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Tracey Calvert

Director, Oakalls Consultancy

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An excellent compliance professional is an asset to their employer and an essential business continuity force

Compliance Excellence

Compliance Excellence


Tracey Calvert reviews the latest regulatory developments, and challenges firms to ensure their response to risk factors is appropriate

What makes a compliance professional an excellent compliance professional? Certainly, it includes the ability to keep abreast of external developments, understand what needs to change in the workplace and make this happen; and then collect enough data from the appropriate responses from colleagues to satisfy all stakeholders – not least the Solicitors Regulation Authority (SRA). This is not an easy or straightforward task, so it’s no wonder an excellent compliance professional is an asset to their employer and an essential business continuity force. Last year was yet another year of external developments and another sequence of internal changes. It seems appropriate at the turn of the year to reflect upon these changes, some obvious and others less clearly signposted but equally relevant. So what were the key developments in the past 12 months?

Here’s my annual compliance review. In regulatory terms, the replacement of the SRA Handbook with the SRA Standards and Regulations (STARs) stands out as the most significant event. Yes, it is evolutionary for the most part and builds on the foundation stones constructed with the SRA Handbook, but it would be wrong to think it is a case of business as usual – despite the regulator’s expectation that we will adapt so that the new rulebook is business as usual.

The new rulebook has been heralded as simpler and more future proof than what came before. At face value that’s the case, but frustratingly it can only be completely understood if read in conjunction with the copious amounts of standalone guidance that has been published, and continues to be published, to support it. Take, for example, the question of publicity and the restrictions on unsolicited approaches to members of the public contained in both codes of conduct. The regulatory clarification, meaning that mailshots might now be considered as an unsolicited approach, was only made clear in guidance issued in December 2019.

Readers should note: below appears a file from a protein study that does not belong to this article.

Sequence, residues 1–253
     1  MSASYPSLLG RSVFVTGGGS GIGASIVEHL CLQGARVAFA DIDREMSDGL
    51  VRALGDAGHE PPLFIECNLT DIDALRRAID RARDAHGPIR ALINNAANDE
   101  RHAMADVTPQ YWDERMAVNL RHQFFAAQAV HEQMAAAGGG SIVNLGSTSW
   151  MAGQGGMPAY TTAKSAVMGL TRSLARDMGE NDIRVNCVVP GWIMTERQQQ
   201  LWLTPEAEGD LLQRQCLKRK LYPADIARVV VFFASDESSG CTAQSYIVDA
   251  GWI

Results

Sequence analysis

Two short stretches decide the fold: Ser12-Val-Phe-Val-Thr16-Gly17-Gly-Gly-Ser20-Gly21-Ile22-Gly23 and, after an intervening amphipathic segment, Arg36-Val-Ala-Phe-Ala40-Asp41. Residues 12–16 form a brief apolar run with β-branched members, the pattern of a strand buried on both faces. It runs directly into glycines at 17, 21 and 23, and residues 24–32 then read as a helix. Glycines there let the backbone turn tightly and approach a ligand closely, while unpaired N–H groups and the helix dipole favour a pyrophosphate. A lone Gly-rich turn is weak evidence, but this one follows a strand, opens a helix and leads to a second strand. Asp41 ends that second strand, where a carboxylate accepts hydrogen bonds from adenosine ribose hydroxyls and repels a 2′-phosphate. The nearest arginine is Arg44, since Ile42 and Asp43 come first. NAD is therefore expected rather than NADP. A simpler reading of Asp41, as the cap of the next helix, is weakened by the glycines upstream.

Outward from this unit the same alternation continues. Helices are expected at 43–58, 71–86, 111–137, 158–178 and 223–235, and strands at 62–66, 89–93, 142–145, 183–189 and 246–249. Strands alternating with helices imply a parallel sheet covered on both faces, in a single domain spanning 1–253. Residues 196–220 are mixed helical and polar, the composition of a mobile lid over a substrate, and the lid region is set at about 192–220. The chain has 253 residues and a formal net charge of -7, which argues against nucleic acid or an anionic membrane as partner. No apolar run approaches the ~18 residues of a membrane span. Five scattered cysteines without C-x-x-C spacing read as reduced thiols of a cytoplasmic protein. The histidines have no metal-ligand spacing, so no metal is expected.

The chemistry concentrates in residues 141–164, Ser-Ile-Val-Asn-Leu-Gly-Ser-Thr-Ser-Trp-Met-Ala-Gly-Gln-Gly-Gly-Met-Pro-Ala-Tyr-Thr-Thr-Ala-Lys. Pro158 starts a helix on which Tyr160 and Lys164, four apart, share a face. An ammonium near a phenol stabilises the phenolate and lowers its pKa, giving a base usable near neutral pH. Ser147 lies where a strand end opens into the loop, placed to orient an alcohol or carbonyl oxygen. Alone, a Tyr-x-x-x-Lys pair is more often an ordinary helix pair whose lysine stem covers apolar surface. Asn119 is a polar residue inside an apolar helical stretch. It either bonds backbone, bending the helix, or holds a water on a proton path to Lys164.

Who do you need to warn about this change? At the very least, your firm needs to consider the new language and tone and accommodate the changes and nuances into the internal compliance language and responses. For example, don’t forget that the expressions about client instructions (in chapter 3 of the SRA Individual Code of Conduct and replicated in the firm code) requires you to truly consider who you are acting for and whether instructions are properly authorised. Is there evidence of this on each individual file, even if assumptions would be difficult to dispute? Consider also the need to justify regulatory decisions (chapter 7 of both the codes) and reflect on the evidence you would be able to produce if required, for example, do your internal systems trigger the use of attendance notes and other documentary evidence? How comfortable would you feel in having a regulatory conversation without hard proof to back up your assertions? Should you be recommending any practice changes? Supervision is another big theme in the STARs. The expectations imposed on solicitors and other regulated individuals are described in paragraphs 3.5 and 3.6 of the individual code. Would they surprise those of your colleagues who are accountable for the actions of others? What is the firm doing to support its supervisors thus demonstrating effective governance? Compliance professionals would be welladvised to look at their firm’s supervisory expectations, systems and evidence. Do they remain fit for purpose? Is training needed to support the supervision process? Thinking of the bigger picture, the compliance professional will be the messenger of change to the business owners. Have the owners been told about both the joint and several liability they all have for compliance in the business? Does anything need to change in terms of compliance communications and the dissemination of data? Has everyone understood the all-pervasive nature of the SRA principles and the fact that these now apply to everyone employed in the business, all the time?